By Mindy McIntosh-Shetter
The other day I was watching a movie about a coal miner and it made me think how life mimics the natural world.
This coal miner was trying to control an environment that he did not understand.
He felt that following the same path that his father had followed would lead him to a different conclusion.
We all know how that ends and the same applies to gardening.
When we see a pest, we seem to fall to the same habit that has caused so many problems.
This habit, one may ask, is chemical application. While this technique works quickly in the short term, it never works out in the long run. Which is where the movie comes into play along with the simple leaf miner.
The adult leaf miner attacks tomato plants by lying white, cylinder shaped eggs on the underside of leaves. When the eggs hatch, pale, translucent white or pale green larvae appear that are about 1/3 inch long. This larva tunnels its way through the lamina layer and eats the chlorophyll rich mesophyll cells or the middle of the leaf. This activity causes dead tissue or leaf scars called “stipples.” These “stipples” cause the leaf to stop functioning and in turn cause stunted growth and reduced yield.
This behavior continues for two to three weeks, until the larva fall off and pupates in the soil for two weeks to one month. This cycle can occur at least twice in one growing season. Once you understand the cycle, what do you do about it?
The first step in control is to know your tomato plants. Visit them often and observe the leaves. If there seems to be a change, such as those described above, it is time to take action and not chemical action.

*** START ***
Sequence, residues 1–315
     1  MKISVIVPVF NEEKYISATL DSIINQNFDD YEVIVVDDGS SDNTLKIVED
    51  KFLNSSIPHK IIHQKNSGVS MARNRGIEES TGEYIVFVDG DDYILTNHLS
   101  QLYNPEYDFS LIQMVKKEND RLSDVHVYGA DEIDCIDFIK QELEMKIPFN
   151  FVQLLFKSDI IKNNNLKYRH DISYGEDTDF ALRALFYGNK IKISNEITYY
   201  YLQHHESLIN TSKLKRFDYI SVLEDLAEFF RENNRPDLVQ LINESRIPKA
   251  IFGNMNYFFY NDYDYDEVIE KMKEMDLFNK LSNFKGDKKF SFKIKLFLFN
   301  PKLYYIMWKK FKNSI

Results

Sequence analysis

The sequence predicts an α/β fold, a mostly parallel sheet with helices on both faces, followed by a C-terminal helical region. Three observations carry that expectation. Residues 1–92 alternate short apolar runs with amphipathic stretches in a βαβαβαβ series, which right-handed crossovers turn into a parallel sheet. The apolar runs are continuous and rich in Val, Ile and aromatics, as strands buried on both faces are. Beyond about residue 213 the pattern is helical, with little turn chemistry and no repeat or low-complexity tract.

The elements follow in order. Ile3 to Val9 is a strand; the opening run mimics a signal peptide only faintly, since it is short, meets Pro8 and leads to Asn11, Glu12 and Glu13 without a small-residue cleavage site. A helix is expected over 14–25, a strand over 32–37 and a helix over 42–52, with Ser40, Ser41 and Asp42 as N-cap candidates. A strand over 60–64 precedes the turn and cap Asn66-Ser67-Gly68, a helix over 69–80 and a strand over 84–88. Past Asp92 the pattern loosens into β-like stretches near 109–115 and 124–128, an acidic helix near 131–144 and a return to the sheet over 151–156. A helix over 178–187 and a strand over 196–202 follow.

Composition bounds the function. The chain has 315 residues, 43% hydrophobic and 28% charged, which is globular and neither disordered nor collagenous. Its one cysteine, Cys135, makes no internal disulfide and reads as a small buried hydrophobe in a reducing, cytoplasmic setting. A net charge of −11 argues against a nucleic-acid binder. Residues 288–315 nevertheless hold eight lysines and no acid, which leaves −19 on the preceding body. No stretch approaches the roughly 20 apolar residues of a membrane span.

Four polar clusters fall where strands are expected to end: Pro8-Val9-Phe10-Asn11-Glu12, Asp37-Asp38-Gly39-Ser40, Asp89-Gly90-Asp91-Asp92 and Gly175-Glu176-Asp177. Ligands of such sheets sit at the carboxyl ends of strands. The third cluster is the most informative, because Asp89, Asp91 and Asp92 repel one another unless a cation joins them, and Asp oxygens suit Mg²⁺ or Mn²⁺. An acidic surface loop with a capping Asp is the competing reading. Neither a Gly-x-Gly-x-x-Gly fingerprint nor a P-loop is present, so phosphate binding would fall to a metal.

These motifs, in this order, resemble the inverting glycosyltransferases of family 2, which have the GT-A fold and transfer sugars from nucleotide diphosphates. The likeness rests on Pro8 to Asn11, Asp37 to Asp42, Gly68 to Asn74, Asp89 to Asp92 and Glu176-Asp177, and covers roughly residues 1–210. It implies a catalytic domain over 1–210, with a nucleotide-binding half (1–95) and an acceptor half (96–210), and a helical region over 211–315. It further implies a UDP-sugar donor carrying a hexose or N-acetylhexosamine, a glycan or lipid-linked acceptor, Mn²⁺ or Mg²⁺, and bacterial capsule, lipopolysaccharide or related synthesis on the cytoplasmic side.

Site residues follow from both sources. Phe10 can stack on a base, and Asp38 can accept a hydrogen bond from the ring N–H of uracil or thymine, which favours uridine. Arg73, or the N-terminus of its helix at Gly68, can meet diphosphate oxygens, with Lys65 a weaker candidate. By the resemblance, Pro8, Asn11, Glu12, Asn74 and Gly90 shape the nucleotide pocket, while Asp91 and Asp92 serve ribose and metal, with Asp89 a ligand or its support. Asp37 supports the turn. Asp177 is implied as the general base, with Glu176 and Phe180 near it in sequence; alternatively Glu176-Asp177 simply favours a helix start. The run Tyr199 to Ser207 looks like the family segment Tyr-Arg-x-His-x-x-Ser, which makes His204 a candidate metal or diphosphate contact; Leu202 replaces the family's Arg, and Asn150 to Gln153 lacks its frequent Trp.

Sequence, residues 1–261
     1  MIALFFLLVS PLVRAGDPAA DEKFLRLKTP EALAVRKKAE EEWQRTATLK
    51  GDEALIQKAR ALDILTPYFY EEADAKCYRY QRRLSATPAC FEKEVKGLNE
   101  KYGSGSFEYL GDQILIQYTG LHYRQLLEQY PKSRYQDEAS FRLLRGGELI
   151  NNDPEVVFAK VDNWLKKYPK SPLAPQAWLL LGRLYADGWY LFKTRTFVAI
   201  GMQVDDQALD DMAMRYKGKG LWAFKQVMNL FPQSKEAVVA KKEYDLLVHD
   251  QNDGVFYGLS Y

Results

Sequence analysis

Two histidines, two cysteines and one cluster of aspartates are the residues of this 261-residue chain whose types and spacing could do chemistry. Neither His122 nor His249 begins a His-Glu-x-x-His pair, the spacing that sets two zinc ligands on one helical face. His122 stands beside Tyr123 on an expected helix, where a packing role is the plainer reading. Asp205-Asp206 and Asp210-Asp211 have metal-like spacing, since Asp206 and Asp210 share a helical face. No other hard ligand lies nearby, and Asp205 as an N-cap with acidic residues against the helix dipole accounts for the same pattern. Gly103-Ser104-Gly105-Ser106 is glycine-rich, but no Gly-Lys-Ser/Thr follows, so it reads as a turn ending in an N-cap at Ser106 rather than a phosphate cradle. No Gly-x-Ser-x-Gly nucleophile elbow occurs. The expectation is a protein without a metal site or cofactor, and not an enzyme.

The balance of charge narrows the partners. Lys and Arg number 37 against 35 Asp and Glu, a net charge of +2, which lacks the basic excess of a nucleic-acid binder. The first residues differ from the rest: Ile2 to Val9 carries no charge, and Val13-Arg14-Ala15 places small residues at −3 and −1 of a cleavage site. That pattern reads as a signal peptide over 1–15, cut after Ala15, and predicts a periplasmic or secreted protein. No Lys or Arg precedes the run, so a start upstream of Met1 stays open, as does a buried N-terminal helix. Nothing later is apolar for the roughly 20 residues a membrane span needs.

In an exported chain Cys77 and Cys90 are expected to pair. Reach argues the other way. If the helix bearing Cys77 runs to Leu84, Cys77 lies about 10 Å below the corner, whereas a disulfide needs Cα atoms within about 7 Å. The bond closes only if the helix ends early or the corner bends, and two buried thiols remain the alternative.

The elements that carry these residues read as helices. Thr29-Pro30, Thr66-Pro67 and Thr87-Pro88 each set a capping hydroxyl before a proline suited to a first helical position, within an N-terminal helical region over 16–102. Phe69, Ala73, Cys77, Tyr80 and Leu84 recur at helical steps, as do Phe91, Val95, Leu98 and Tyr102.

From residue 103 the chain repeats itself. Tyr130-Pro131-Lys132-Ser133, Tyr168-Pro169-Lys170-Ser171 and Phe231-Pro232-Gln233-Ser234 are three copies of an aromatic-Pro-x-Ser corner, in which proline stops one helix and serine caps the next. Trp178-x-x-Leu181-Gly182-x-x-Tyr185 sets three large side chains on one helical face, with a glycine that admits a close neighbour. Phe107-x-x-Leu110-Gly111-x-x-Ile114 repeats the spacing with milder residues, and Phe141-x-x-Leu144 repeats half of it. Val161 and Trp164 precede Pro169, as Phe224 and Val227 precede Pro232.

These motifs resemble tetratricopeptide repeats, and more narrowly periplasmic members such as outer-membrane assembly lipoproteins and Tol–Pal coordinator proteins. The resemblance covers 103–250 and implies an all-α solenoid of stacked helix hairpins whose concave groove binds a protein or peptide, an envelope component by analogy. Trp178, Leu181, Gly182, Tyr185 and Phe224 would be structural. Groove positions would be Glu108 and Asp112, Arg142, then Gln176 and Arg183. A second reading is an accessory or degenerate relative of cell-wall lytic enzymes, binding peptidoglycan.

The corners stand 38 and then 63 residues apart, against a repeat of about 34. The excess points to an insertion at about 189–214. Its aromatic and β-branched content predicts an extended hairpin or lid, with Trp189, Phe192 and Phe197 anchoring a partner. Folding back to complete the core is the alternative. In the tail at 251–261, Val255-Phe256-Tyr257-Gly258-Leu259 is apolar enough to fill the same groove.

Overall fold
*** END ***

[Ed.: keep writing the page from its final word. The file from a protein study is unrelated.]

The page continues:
The second step is to remove any leaves with questionable damage. The third approach is to squish any pale green eggs that may be on the underside of the leaves. If leaf miners have been a problem in the past, place row covers over young plants. This will prevent the adult leaf miner from laying its eggs on the leaves.
Trapping the adult leaf miner is another approach. This can be done by color or favorite plant. It has been discovered that this pest loves the color yellow and blue. Commercially made cards are available in these colors that are treated with a sticky substance. The insect lands on the card and never leaves. You can also make your own cards with colored poster board and a sticky, horticulture glue. To maximize the effectiveness of this approach, remember to hang these cards above the plants.
Another way of trapping is through a trap crop. The adult leaf miner loves dock and lamb’s quarter. To use this approach, requires the gardener to plant these plants near but not among the tomato plants. These plants will “ host” the leaf miner insects without killing them while keeping them away from the tomato plants.
The last way of protecting your tomato plants from the leaf miner is to encourage a healthy population of natural predators. These include lacewings, ladybugs, purple finches, chickadees, and robins.
So until we blog again, to become a responsible gardener, we must first learn about our own space.
For more information about tomatoes, please visit our sister website Tomato Casual.